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[vox] Dijkstra was ahead of his time!
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[vox] Dijkstra was ahead of his time!

> -------- Original Message --------
> Subject: [vox] Dijkstra was ahead of his time!
> From: Brian Lavender <brian@brie.com>
> Date: Tue, September 28, 2010 9:32 am
> To: vox@lists.lugod.org
> I just listened to this speech by Disjkstra in 1972

My Data Structures professor, Dr. Weiss, corresponded with Dijkstra
when Dr. Weiss was researching data structures. So by taking Dr. Weiss,
I was introduced early on to Dijkstra's inspirations.

>, an amazing speech. He
> discusses abstraction,

Abstraction is an abstract idea in itself. In English, abstraction
means generalizing. So in computer programming, it means to
generalize code.

> something today we only seem to be grasping well
> in the field of computer science. I am sure as we move along, Z, VDM
> and SPARK/ADA,  Domain Specific languages and formal methods will play
> an increasing role.

All modern, general purpose programming languages support generalized
You create generalized code by creating classes. Classes are the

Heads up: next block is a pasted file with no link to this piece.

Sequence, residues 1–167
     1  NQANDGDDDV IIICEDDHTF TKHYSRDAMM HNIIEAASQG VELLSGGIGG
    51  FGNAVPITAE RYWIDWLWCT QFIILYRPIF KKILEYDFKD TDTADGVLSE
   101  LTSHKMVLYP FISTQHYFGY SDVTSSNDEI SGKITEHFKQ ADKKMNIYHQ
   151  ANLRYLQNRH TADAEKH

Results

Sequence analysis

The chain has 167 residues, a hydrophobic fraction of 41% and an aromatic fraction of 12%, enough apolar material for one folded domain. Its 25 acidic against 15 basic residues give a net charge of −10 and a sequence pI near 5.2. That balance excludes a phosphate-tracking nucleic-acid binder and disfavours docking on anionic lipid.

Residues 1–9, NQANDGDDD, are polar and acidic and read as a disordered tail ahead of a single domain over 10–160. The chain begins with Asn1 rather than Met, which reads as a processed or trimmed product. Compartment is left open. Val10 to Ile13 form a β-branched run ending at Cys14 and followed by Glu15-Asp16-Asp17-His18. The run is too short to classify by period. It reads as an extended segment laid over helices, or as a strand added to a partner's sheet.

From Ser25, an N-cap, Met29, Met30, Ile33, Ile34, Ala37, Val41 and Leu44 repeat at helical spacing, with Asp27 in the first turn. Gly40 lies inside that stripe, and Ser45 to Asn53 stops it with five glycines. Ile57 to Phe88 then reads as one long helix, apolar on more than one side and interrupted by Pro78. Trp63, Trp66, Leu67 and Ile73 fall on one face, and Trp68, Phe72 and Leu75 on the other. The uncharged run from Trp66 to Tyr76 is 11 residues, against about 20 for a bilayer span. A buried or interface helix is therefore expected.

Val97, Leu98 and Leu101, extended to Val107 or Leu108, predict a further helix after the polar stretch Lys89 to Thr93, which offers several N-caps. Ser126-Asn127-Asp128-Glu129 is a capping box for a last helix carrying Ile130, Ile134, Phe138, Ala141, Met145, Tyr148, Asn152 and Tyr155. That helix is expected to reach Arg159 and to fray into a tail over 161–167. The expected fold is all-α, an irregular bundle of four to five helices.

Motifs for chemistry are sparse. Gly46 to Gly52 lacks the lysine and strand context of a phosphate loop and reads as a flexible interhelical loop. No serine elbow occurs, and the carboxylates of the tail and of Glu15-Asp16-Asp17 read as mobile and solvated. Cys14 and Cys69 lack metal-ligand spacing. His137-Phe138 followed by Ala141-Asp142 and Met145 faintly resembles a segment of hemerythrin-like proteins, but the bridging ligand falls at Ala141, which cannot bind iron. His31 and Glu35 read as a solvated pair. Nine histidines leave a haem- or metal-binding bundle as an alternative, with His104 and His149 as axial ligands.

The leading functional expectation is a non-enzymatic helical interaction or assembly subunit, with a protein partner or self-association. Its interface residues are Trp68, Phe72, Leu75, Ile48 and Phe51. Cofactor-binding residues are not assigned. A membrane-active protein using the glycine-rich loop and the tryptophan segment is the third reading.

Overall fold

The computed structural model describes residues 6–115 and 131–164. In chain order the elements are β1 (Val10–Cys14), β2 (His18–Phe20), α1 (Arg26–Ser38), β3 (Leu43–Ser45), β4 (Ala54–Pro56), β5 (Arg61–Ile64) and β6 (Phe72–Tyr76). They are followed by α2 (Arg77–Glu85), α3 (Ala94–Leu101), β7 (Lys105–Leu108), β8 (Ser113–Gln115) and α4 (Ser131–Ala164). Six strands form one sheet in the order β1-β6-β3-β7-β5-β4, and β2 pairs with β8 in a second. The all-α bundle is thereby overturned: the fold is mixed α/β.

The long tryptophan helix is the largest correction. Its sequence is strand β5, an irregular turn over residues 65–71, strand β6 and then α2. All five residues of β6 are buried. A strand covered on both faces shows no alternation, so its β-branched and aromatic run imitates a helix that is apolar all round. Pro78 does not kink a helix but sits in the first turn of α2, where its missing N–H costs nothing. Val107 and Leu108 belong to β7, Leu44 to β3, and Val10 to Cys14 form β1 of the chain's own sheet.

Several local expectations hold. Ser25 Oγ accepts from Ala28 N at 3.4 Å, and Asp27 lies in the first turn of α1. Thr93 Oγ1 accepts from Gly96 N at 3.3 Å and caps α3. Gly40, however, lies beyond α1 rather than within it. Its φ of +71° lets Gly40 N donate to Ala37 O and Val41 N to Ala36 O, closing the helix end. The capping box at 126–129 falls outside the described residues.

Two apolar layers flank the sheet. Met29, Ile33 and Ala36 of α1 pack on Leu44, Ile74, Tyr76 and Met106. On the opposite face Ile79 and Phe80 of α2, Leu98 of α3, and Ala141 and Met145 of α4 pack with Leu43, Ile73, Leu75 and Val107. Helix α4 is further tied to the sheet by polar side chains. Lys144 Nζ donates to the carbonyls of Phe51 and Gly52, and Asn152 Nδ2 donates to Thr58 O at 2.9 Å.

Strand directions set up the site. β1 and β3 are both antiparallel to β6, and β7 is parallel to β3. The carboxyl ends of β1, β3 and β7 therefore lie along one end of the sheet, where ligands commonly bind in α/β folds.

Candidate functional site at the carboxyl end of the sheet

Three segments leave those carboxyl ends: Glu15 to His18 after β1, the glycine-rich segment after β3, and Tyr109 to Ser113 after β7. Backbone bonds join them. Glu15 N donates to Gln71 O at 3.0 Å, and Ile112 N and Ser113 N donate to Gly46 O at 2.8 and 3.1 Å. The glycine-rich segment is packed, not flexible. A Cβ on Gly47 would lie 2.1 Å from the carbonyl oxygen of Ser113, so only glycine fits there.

of objects and the operations written for each object.
Hence the term Object Oriented Programming (OOP). For older languages
that don't support classes specifically, those languages that support
the more primitive abstract datatypes (ADT) can support generalized
(I build ADTs for everything I write in native C.)

By thinking in terms of OOP, you're forced to look at the solution to a
problem from the inside out, not just from the outside looking in. If
your code is perfectly abstracted, and if you adhere to the
additional level of quality defined by "cohesion and coupling", then
debugging goes away. If it compiles, it runs correctly.

> I like Dijkstra's critique of the one liner, very
> funny.

I liked the introduction of Dijkstra. The presenter hit on all of
Programming is an art.
Programs should be structured.
Programming has a style.
Code is composed, not written.

P.S. Here are Dr. Weiss's books:


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